Chinese Religions

Religions of the World - Questions, Challenges, and New Directions - Leslie Dorrough Smith

Leslie Dorrough Smith [+-]
Avila University
Leslie Dorrough Smith is Professor of Religious Studies at Avila University and a member of the Women’s and Gender Studies faculty.
Steven W Ramey [+-]
University of Alabama
Steven W. Ramey is a Professor in Religious Studies at the University of Alabama, where he also directs the Asian Studies Program.


This chapter explores and then interrogates four different representations of Chinese Religion. The first focuses on the Three Teachings. This term, referencing Confucianism, Daoism, and Buddhism, shows how many who identify as Chinese see them as complementary teachings rather than completely separate religions. The second representation emphasizes devotional practices as the most important component of Chinese Religion. These practices generally incorporate devotion to divine figures without emphasizing the tradition (if any) with which they are classically affiliated. The third representation identifies filial piety, the notion of respecting parents and elders above personal interests, as the main component of Chinese religion. The final representation connects the practices and discourses of Chinese religions to the process of legal classification, which is most evident in the recognition of five official religions within the government of contemporary China.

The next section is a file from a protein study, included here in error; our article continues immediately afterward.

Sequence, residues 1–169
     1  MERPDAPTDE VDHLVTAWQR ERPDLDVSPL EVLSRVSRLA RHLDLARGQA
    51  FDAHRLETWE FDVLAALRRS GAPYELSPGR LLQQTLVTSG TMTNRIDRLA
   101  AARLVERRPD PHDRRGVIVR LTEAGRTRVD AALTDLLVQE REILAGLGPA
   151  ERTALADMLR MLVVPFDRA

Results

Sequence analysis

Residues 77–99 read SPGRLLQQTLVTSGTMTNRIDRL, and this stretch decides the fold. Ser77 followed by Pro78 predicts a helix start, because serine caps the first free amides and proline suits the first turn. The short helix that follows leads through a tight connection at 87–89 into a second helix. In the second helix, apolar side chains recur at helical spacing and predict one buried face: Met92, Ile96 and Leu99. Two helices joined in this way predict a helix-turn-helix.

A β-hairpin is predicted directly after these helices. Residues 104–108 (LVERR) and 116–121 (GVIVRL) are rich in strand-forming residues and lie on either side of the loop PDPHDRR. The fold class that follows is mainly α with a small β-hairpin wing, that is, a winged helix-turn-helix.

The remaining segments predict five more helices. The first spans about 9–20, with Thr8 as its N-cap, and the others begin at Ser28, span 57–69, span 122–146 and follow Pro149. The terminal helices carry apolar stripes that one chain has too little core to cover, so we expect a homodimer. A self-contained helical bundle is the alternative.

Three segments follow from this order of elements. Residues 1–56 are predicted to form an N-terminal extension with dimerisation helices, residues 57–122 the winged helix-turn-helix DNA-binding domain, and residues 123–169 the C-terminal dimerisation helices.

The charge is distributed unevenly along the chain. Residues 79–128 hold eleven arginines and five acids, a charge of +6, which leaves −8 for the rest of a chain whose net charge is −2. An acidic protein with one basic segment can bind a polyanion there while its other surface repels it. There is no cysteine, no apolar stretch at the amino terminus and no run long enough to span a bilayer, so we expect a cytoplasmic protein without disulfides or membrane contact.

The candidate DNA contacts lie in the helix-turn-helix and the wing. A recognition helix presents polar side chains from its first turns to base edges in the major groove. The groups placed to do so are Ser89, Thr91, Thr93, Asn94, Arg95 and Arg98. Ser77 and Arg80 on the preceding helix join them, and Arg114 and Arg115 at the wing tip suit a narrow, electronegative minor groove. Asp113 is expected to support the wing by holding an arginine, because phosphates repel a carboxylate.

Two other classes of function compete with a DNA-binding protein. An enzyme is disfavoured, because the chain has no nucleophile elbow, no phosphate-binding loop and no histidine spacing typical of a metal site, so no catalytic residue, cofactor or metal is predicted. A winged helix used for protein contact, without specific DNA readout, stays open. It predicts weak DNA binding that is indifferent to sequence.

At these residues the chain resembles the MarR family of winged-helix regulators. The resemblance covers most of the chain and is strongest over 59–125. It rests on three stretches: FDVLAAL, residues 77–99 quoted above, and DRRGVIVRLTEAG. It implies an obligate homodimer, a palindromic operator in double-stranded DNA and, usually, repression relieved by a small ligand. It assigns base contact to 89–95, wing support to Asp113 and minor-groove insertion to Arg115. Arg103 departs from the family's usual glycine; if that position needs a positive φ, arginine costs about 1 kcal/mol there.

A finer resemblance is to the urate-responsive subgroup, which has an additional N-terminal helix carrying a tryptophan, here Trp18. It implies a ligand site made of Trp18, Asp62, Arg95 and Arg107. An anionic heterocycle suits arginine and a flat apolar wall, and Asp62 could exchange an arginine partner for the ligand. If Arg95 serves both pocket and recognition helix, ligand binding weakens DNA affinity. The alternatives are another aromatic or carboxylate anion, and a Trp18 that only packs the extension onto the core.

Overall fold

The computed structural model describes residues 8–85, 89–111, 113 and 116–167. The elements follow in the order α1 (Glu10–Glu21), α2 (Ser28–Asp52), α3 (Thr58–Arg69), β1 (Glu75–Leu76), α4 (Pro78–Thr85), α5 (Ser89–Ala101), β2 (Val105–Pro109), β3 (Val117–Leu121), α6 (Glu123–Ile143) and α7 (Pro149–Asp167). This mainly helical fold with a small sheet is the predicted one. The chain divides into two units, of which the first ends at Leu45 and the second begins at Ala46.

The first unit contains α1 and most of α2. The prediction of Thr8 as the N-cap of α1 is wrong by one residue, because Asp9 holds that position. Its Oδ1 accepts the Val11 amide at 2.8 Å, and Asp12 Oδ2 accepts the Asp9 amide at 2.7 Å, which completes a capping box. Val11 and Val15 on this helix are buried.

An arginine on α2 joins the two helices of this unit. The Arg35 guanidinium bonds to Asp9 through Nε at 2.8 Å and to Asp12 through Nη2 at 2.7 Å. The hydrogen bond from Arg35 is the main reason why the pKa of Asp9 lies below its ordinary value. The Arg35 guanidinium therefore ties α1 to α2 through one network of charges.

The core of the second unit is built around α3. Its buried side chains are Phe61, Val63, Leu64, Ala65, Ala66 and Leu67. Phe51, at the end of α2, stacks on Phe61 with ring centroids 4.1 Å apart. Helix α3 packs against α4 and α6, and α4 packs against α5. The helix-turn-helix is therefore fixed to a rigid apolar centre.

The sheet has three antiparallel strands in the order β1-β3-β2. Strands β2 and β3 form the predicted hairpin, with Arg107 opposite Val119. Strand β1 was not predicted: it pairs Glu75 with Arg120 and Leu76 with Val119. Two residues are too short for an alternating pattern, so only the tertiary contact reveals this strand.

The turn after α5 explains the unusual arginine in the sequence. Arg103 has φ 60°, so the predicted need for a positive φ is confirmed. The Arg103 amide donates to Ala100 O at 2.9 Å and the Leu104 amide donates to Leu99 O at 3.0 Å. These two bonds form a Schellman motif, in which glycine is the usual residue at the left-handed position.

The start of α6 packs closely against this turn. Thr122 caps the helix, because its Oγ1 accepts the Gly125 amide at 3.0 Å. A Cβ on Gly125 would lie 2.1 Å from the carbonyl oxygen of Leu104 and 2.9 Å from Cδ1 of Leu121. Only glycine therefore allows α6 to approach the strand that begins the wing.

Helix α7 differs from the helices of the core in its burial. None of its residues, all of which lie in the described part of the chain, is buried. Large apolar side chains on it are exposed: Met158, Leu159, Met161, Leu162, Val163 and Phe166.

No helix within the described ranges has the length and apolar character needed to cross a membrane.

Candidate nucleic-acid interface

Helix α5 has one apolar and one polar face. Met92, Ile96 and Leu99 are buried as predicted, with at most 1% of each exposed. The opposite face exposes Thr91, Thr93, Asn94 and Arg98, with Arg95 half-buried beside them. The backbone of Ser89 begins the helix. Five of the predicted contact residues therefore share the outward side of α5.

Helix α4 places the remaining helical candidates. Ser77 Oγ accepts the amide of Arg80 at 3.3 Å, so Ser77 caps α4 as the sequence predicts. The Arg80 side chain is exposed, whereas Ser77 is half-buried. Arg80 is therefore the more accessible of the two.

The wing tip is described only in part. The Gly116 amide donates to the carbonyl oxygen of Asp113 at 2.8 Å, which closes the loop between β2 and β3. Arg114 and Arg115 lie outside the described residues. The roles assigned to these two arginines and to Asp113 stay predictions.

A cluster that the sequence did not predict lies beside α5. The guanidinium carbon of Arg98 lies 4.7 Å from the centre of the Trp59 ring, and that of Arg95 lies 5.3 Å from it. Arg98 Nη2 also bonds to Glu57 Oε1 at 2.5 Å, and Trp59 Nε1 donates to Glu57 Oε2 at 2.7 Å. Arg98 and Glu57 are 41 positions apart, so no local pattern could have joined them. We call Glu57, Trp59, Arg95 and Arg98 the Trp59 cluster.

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Dorrough Smith, Leslie; Ramey, Steven. Chinese Religions. Religions of the World - Questions, Challenges, and New Directions. Equinox eBooks Publishing, United Kingdom. p. Jan 2024. ISBN 9781800503762. Date accessed: 21 Sep 2023 doi: 10.1558/equinox.44596. Jan 2024

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